Meanwhile, the good Justice (who would be well on the way to winning ISAF’s World Sailor of the Year if it wasn’t for the fact that our august governing body have given every appearance of siding with Alinghi) hasn’t wasted any time, and he’s set a date for the court hearing of Wednesday April 2nd - after which, we can all tune our sets to stand-by again (or switch them off, if you’re carbon neutrally inclined) until Justice Cahn pronounces.

Then what happens…?

My money has it that the court is more likely to set a date of July 2008 than July 2009 and if that happens SNG/Alinghi are in a whole world of hurt. Expect the toys to come hurtling out of the pram and Alinghi to either return the whole thing to the court with an appeal, or less likely but more entertainingly, try something like the forfeit/rechallenge strategy I outlined in the last post.

The October 2008 date is the more interesting, as Alinghi could make this one – whatever they may claim. They have time to build a boat even if they start now, never mind if, as Tom Ehman points out in the above interview and one of the GGYC’s many press releases of the last week, they started back in December ’07 (they have signed up Alain Gautier for multi-hull training).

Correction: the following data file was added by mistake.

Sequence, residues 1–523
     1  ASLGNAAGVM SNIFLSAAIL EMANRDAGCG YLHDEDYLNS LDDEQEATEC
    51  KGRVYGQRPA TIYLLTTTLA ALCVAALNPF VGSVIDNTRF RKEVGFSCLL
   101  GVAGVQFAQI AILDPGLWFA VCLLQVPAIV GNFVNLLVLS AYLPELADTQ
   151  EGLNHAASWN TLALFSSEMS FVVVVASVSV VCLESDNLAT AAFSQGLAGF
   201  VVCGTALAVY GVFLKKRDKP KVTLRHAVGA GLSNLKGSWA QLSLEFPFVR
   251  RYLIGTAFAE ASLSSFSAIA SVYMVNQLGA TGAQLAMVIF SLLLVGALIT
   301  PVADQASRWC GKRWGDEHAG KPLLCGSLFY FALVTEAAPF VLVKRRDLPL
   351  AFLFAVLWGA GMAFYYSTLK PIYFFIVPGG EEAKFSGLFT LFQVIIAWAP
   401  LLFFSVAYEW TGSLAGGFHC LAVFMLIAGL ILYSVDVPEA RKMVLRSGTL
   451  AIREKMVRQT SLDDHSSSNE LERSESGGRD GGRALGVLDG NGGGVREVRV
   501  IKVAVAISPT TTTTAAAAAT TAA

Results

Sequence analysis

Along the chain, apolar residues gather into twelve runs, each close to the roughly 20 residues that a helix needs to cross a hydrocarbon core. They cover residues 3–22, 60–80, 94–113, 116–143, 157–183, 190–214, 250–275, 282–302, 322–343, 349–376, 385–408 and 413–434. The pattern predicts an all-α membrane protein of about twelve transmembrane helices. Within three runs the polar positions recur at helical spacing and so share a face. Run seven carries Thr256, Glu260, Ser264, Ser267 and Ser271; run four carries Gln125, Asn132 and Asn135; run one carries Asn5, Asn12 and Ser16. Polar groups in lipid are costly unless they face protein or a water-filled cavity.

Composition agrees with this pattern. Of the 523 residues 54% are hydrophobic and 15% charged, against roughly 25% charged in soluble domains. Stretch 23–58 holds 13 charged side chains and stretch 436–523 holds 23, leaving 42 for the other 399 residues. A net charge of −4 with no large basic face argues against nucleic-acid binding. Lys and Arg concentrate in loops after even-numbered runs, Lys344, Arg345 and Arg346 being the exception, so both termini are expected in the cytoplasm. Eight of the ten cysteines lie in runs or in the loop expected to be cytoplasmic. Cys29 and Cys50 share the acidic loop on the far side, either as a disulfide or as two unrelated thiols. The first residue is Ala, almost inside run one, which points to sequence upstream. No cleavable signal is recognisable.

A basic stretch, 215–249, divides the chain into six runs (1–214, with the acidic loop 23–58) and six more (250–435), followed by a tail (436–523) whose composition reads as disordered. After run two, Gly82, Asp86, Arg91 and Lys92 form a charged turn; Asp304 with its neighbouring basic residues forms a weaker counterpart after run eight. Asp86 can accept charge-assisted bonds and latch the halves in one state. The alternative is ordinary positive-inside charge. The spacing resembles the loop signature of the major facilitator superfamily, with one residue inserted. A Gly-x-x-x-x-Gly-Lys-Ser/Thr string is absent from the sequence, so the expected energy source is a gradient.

So this one could go either way, SNG can still play the venue card – they get to decide whether the race is in 5 knots off the Island of Capri, or 25 knots of the island of Oahu (the word on the Valencian street is that the Oracle camp is fully packed and containerised and ready to go anywhere in the world). Not to mention that SNG/Alinghi can choose the rules (How about... no boat shall be penalized for a collision... take that one and ram it into your lightweight multi-hull, Larry). Alinghi might just decide that they really aren’t getting any joy from the court, and return to what they’ve demonstrated they are good at – winning tough yacht races. Or they might not.